Victor Borge, the Danish comedian, conductor and pianist, once said that a smile is the shortest distance between two people. It’s a shame that people do not do it more often. And yet, as we grow older, we smile and laugh less.
Studies have shown that the average child laughs up to 500 times a day; adults, on the other hand, laugh on average only 15 times a day. Not good. According to this article, research on laughter “suggests that 100 laughs a day are equivalent to 10 minutes on a rowing machine … 15 minutes of laughter has the relaxing effect of meditating for 8 hours [and] 10 minutes of laughter has the relaxing effect of 2 hours sleep.” (Time to watch some comedy DVDs!)
When it comes to public speaking, laughing your way through a presentation is likely not a viable option. However, unless the subject is very somber or serious, there is nothing wrong with smiling. Indeed, we should smile. It is a simple and effective way to connect with an audience.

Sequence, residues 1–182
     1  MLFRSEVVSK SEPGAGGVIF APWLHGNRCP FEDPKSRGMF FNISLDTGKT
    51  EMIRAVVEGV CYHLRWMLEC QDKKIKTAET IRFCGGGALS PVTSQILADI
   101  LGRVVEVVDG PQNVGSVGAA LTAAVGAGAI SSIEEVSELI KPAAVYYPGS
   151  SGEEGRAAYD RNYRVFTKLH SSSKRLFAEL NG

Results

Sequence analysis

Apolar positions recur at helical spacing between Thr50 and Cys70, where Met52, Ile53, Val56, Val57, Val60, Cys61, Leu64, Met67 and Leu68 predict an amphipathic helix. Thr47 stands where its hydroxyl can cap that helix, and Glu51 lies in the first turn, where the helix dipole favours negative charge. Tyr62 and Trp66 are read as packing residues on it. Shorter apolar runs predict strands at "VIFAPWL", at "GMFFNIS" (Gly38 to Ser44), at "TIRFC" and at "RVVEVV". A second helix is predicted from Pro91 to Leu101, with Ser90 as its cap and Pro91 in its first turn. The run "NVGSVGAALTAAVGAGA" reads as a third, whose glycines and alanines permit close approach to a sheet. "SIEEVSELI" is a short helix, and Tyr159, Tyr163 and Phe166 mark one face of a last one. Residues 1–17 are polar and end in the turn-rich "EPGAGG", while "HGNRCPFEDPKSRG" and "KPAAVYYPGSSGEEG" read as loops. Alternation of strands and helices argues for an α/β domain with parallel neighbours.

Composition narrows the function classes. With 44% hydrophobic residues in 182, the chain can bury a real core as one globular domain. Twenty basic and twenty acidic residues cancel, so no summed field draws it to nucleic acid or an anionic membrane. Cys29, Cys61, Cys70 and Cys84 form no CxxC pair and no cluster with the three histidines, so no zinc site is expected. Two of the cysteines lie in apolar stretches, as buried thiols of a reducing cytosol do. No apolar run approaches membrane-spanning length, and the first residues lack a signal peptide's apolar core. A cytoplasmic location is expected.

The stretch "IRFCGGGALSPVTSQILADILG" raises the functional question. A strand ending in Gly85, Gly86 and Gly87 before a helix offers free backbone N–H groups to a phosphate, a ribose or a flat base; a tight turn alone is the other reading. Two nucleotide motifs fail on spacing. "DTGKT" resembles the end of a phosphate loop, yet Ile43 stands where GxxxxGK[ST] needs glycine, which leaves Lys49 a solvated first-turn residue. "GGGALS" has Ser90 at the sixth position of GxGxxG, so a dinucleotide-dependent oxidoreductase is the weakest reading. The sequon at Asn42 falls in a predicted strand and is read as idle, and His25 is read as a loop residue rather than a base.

However – and this is important – it must be genuine. Do not paste it to your face. Your audience will know if it is not sincere. Rather, smile when you feel like smiling and display other emotions as appropriate.
As noted in an article by Doug Stevenson, an expert on corporate storytelling,
If you are new to speaking, or don’t speak very often, be careful not to plaster on the “speaker’s smile”. You can and must be yourself. Your best shot at becoming a successful speaker is to be real. …
Smile because you are happy. Smile because you are excited about what you have to say and about the opportunity to share your wisdom with an audience. Smile when a smile is appropriate. At other times, trust that your face knows what to do. Trust that your audience knows how to interpret your authentic emotion.